Nancy Keller

1805–Female
Tyler, West Virginia, United States

The Life of Nancy

When Nancy Keller was born in 1805, in Tyler, West Virginia, United States, her father, Adam Keller, was 34 and her mother, Parmelia Lovitt, was 25.

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Family Time Line

Adam Keller
1771–1853
Parmelia Lovitt
1780–1854
Keller
1794–
Margaret Keller
1796–
William Keller
1802–1855
Henry Keller
1810–
Charles Keller
1799–1864
Martin Keller
1800–
Mary Keller
1801–
Adam Keller
1802–1878
Thomas S. Keller
1803–1884
Nancy Keller
1805–
Keller
1807–
David Keller
1810–1881
John C. Keller
1816–1900
Keller
1817–

Parents and Siblings

siblings

(14)

+9 More Children

World Events (3)

1808

Age 3

Atlantic slave trade abolished.
1812

Age 7

War of 1812. U.S. declares war on Britain over British interference with American maritime shipping and westward expansion.
1863

Age 58

"West Virginia was given statehood status with the ""agreement"" the citizens would phase out slavery. On January 1, 1863, President Abraham Lincoln approved the Statehood Bill for West Virginia. West Virginia was proclaimed a state on April 20, 1863, with the bill becoming effective 60 days later, June 20, 1863. When West Virginia first entered statehood in 1863, there were only 46 counties. That same year, four other counties voted themselves into West Virginia. Today, there are 55 counties in the Mountain State. The oldest county in the state is Hamsphire County formed in 1754 as part of Virginia. The youngest county is Mingo formed in 1895. The smallest county is Hancock located in the northern panhandle of the state with Randolph being the largest. When the Legislature convened for its first session, there were only 47 members of the House of Delegates and 18 members of the State Senate. Through the years, the number has increased to 100 members of the House of Delegates and 34 members of the State Senate."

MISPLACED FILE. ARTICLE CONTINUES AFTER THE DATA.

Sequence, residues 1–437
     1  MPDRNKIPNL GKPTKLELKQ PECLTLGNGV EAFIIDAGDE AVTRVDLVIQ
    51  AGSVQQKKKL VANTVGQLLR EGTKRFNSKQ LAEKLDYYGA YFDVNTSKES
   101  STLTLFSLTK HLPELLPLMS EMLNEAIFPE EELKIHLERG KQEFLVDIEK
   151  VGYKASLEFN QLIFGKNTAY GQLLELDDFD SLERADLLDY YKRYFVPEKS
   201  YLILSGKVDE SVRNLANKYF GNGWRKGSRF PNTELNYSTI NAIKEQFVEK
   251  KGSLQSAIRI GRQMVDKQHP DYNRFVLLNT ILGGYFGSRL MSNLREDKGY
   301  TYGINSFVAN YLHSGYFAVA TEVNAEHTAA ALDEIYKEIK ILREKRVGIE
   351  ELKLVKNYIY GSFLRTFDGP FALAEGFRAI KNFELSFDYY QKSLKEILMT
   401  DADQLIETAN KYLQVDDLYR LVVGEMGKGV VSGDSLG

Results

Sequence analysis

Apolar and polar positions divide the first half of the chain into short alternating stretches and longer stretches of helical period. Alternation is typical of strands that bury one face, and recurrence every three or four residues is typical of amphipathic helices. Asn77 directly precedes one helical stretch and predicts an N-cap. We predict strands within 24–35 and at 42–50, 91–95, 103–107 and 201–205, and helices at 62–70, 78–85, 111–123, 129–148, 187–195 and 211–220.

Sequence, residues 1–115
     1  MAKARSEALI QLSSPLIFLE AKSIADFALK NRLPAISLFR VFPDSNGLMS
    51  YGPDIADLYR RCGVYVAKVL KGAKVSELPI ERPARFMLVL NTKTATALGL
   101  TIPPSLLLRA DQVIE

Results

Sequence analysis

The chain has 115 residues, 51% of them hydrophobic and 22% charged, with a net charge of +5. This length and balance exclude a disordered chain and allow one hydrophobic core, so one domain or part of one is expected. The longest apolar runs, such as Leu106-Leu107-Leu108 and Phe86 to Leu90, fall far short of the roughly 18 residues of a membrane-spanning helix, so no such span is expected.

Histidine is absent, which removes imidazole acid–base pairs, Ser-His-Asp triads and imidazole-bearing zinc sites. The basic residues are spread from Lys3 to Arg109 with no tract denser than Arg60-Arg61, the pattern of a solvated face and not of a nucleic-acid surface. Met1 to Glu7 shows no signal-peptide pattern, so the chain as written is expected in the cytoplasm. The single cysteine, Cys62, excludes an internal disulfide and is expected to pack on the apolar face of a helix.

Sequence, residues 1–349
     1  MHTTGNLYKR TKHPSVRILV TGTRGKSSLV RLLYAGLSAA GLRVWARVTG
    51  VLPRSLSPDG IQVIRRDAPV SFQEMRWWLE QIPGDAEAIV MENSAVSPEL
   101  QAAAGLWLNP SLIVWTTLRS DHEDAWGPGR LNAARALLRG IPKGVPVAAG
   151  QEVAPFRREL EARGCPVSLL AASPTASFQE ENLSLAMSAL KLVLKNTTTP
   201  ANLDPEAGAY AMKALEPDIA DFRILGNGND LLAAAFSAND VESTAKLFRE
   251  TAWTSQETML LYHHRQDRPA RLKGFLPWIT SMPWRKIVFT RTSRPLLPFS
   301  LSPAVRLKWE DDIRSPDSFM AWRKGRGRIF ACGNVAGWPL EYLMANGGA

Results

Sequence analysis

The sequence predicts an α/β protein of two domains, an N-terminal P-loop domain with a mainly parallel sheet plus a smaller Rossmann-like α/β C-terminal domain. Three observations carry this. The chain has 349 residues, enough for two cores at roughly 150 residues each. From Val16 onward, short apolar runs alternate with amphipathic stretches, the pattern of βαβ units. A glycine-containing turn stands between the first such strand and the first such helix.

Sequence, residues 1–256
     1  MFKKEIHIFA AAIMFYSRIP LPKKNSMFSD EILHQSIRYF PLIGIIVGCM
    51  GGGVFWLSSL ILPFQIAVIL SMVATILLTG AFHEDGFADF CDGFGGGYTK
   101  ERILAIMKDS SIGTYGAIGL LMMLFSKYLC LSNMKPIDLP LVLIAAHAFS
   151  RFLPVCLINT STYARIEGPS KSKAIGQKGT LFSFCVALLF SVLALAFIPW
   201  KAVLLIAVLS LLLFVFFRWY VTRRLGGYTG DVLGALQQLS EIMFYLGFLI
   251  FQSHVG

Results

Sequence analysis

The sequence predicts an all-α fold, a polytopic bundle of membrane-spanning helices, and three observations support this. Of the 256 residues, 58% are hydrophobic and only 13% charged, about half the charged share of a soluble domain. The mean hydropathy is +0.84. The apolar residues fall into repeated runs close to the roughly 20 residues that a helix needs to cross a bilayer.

Name Meaning

1 German: from Middle High German kellaere ‘cellarman’, ‘cellar master’ (Latin cellarius, denoting the keeper of the cella ‘store chamber’, ‘pantry’). Hence an occupational name for the overseer of the stores, accounts, or household in general in, for example, a monastery or castle. Kellers were important as trusted stewards in a great household, and in some cases were promoted to ministerial rank. The surname is widespread throughout central Europe.2 English: either an occupational name for a maker of caps or cauls, from Middle English kellere, or an occupational name for an executioner, from Old English cwellere.3 Irish: reduced form of Kelleher .

Dictionary of American Family Names © Patrick Hanks 2003, 2006.

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